Bitter rivals Microsoft and Sun Microsystems announced an agreement Monday under which Microsoft will extend support for its legacy Microsoft Java Virtual Machine (MSJVM) until September 30, 2004. The agreement will give developers and other customers more time to transition from MSJVM to Sun's Java Virtual Machine (JVM), the companies say. The agreement also will extend the period of time during which Microsoft can use Sun's Java source code and compatibility-test suites.
   After September 30, Microsoft will stop providing MSJVM security updates and support, but the software will continue to work. The company has provided extensive transition information and links to alternative technologies on its existing Java resource Web site. As part of the agreement, Microsoft now recommends Sun's JVM and various development tools from competitors such as Borland Software, IBM, and Oracle.
   "We are very pleased that \[Microsoft\] and Sun have been able to join together to protect the interests of our mutual customers," Chris Jones, vice president for the Windows Client Division, said. "This agreement is in direct response to our customers' request for more time to manage the transition and to their need for continued support of the MSJVM. Customers now have a year to identify MSJVM dependencies and implement their migration strategies. Microsoft is committed to supporting our customers with MSJVM migration tools and transition information throughout this period."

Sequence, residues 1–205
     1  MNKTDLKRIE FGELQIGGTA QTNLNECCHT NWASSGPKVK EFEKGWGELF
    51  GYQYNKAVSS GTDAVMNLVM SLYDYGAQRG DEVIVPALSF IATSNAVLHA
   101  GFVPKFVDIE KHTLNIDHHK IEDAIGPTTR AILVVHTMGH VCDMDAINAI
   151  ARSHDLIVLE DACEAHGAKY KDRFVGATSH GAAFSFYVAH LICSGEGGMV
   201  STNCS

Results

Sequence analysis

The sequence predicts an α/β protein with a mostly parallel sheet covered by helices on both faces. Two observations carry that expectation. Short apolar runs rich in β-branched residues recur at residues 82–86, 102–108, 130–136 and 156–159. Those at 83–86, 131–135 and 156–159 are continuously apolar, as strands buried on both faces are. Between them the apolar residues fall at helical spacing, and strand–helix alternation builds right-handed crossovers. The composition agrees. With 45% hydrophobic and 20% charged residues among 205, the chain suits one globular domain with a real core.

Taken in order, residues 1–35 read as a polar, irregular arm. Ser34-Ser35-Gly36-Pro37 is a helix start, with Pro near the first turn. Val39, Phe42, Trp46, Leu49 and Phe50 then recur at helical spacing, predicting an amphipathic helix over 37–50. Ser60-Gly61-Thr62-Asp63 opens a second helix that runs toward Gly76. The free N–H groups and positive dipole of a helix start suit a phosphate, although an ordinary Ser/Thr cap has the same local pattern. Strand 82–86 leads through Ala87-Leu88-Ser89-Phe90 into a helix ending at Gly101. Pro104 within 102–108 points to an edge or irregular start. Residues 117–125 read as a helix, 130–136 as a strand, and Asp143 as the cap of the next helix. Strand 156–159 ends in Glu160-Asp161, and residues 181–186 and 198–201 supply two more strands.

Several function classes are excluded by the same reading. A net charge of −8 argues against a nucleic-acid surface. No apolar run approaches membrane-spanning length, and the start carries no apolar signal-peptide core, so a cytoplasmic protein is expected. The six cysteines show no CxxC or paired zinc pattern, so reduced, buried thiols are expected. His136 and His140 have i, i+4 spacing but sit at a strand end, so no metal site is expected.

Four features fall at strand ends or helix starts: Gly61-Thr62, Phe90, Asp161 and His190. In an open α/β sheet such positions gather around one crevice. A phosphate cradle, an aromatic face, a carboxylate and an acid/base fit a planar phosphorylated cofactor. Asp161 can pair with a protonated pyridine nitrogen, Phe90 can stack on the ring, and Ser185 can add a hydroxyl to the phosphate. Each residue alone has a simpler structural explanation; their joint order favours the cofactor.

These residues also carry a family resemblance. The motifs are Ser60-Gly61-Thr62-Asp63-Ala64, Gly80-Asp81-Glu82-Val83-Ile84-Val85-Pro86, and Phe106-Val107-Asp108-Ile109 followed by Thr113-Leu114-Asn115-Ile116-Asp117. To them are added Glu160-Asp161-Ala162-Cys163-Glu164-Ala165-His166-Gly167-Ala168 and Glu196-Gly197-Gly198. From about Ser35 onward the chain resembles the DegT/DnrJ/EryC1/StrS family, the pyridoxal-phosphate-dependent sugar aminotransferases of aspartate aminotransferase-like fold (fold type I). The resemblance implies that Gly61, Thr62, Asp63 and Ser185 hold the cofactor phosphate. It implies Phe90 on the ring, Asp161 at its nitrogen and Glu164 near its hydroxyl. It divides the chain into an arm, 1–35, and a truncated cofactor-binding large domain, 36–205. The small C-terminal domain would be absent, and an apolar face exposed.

This agreement has no bearing on Sun's $1 billion antitrust lawsuit against Microsoft, which Sun launched in the wake of Microsoft's federal antitrust case settlement and which Sun representatives say the company is still vigorously pursuing. "The suit and the decision from the suit are not changed by this new license," a Sun spokesperson said yesterday. "The antitrust case is proceeding on course, and we're not commenting further on the antitrust case at this time."